In 2004-2005, VFH garnered $400,000 in seed money to support the planning and early implementation of the project through an appropriation from the Virginia General Assembly and a gift from a friend. Since that time, the General Assembly has increased its financial support for the project and, in 2007, the Dominion Foundation awarded a two-year $100,000 gift to bolster EV’s progress.
We have a staff of five, including a managing editor (Matthew Gibson), associate editor (Brendan Wolfe), assistant editor (Tori Talbot), programmer (Peter Hedlund), and media editor (Donna Lucey). We are also overseen by editorial and technical advisory boards.
We create the site by sections — so far, we’ve nearly completed all of literature, twentieth-century history, and the American Civil War. And we are beginning work on pre-colonial and colonial Virginia history, as well as folklife.
IDEA BEHIND THE BLOG
Marketing — It’s a venue for us to explain what we’re doing with the encyclopedia and point people to particular entries. Here’s an example:
Transparency — The blog can be used to illuminate some of our processes. We use the blog to print any feedback we receive about the encyclopedia — both good and bad, and where appropriate, explain the thinking behind some of the decisions that we make. Here’s an example:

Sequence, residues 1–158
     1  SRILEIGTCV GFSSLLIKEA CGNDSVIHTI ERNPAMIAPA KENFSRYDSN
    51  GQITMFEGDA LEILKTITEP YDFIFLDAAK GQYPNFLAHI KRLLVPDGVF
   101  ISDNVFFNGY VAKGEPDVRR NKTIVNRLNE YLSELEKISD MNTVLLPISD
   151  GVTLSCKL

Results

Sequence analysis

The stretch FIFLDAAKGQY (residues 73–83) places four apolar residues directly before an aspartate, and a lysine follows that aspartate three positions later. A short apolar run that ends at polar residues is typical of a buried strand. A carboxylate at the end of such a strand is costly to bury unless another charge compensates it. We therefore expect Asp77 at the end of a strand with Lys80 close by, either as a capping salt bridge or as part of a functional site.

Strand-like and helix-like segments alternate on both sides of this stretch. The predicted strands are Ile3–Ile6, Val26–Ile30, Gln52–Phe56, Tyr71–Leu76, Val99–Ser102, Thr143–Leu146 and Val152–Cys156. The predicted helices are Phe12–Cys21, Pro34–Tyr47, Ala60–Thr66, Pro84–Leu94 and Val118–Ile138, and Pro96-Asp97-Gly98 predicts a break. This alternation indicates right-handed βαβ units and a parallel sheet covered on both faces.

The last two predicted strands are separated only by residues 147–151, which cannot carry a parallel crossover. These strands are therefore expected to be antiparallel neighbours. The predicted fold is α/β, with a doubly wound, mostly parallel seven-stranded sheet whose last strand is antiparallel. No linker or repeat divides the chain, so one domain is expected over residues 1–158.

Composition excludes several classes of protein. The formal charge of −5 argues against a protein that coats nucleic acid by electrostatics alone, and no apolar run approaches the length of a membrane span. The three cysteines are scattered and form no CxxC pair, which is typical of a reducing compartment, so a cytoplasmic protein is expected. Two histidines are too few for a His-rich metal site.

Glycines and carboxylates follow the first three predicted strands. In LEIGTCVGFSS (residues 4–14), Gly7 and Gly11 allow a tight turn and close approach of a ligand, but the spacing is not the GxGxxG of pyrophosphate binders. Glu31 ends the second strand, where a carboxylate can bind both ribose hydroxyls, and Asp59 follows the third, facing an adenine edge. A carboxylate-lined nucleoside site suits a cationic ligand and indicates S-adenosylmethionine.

Cross-Promotion — It’s a means of reminding readers that we are plugged into other things going on at the Virginia Foundation for the Humanities and indeed the entire Virginia humanities community. We’ve done a lot of posts on the VFH radio show BackStory with the American History Guys.
We’ve also posted video from the VFH Folklife Showcase and a remembrance of Mike Seeger by VFH Folklife director Jon Lohman. Here are some examples:
Building Community — The blog can create a community of readers who can then become a community of encyclopedia users. Beyond that, though, the blog can be good as a community of ideas and discussion, both in terms of the encyclopedia, but also in terms of Virginia history and culture.
See the last link above for an example of that kind of discussion.
Anything we’ve run related to Sally Hemings has generated (relatively speaking, of course!) a firestorm for us.
VISITOR BASE FOR SITE/BLOG
EV is still in its infancy in terms of the amount of content we have up.
Most of our visitors will come from people using search engines to find text or images. (For instance, someone looking for information on Massive Resistance or Edgar Allan Poe are likely to stumble upon our
site.) Those “searchers” are already coming from all over the country and the world — a testament to how rich Virginia’s history and culture are.
We hope that a large part of our audience will eventually be students and educators. (To some extent, they already are. Our numbers drop off noticeably when the school year ends.) No resource quite like ours exists in Virginia, and we think that teachers, especially, will find EV really useful when preparing lessons on Virginia history. We’ve spent a lot of time talking to teachers and have some interesting ideas about how to tweak the site to make it more useful for them.
WHO THE BLOG ATTRACTS
The blog is eclectic, sometimes a little brainy, sometimes a little confrontational. We hope that it attracts anyone interested in Virginia history and culture — everyone who might want to use the encyclopedia and more.